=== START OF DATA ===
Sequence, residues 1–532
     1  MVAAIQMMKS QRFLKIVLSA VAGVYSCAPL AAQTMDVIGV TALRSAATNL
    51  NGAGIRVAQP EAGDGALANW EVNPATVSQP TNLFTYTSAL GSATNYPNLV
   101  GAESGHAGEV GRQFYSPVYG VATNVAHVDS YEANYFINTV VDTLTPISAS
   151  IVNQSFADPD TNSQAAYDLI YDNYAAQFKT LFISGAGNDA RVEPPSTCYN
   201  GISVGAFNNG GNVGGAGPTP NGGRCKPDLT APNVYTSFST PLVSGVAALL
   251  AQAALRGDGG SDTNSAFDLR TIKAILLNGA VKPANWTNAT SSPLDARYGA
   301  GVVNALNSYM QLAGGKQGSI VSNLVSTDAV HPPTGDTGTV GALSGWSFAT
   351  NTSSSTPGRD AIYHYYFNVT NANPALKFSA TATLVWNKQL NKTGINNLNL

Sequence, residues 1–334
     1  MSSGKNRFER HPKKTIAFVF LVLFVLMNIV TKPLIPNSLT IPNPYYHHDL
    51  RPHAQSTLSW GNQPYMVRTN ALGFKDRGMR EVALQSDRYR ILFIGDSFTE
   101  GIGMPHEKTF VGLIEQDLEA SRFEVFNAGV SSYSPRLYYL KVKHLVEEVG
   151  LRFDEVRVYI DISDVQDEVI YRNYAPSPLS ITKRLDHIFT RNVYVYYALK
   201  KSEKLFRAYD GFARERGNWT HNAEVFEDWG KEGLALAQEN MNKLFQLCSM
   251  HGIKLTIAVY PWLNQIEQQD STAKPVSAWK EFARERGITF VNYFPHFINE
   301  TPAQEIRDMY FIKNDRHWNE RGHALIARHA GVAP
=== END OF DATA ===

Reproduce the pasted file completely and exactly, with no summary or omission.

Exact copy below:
Sequence, residues 1–532
     1  MVAAIQMMKS QRFLKIVLSA VAGVYSCAPL AAQTMDVIGV TALRSAATNL
    51  NGAGIRVAQP EAGDGALANW EVNPATVSQP TNLFTYTSAL GSATNYPNLV
   101  GAESGHAGEV GRQFYSPVYG VATNVAHVDS YEANYFINTV VDTLTPISAS
   151  IVNQSFADPD TNSQAAYDLI YDNYAAQFKT LFISGAGNDA RVEPPSTCYN
   201  GISVGAFNNG GNVGGAGPTP NGGRCKPDLT APNVYTSFST PLVSGVAALL
   251  AQAALRGDGG SDTNSAFDLR TIKAILLNGA VKPANWTNAT SSPLDARYGA
   301  GVVNALNSYM QLAGGKQGSI VSNLVSTDAV HPPTGDTGTV GALSGWSFAT
   351  NTSSSTPGRD AIYHYYFNVT NANPALKFSA TATLVWNKQL NKTGINNLNL

Sequence, residues 1–334
     1  MSSGKNRFER HPKKTIAFVF LVLFVLMNIV TKPLIPNSLT IPNPYYHHDL
    51  RPHAQSTLSW GNQPYMVRTN ALGFKDRGMR EVALQSDRYR ILFIGDSFTE
   101  GIGMPHEKTF VGLIEQDLEA SRFEVFNAGV SSYSPRLYYL KVKHLVEEVG
   151  LRFDEVRVYI DISDVQDEVI YRNYAPSPLS ITKRLDHIFT RNVYVYYALK
   201  KSEKLFRAYD GFARERGNWT HNAEVFEDWG KEGLALAQEN MNKLFQLCSM
   251  HGIKLTIAVY PWLNQIEQQD STAKPVSAWK EFARERGITF VNYFPHFINE
   301  TPAQEIRDMY FIKNDRHWNE RGHALIARHA GVAP